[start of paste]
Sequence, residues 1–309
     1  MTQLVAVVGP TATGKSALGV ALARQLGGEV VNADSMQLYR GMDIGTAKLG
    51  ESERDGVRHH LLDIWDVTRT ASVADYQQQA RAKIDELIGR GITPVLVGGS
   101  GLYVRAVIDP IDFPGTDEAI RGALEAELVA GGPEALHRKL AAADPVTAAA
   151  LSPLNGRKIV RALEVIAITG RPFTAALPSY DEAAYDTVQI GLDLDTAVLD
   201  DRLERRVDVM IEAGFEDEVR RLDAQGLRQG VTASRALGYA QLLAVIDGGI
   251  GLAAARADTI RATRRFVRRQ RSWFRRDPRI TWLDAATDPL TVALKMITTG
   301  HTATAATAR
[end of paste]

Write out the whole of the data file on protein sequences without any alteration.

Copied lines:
Sequence, residues 1–309
     1  MTQLVAVVGP TATGKSALGV ALARQLGGEV VNADSMQLYR GMDIGTAKLG
    51  ESERDGVRHH LLDIWDVTRT ASVADYQQQA RAKIDELIGR GITPVLVGGS
   101  GLYVRAVIDP IDFPGTDEAI RGALEAELVA GGPEALHRKL AAADPVTAAA
   151  LSPLNGRKIV RALEVIAITG RPFTAALPSY DEAAYDTVQI GLDLDTAVLD
   201  DRLERRVDVM IEAGFEDEVR RLDAQGLRQG VTASRALGYA QLLAVIDGGI
   251  GLAAARADTI RATRRFVRRQ RSWFRRDPRI TWLDAATDPL TVALKMITTG
   301  HTATAATAR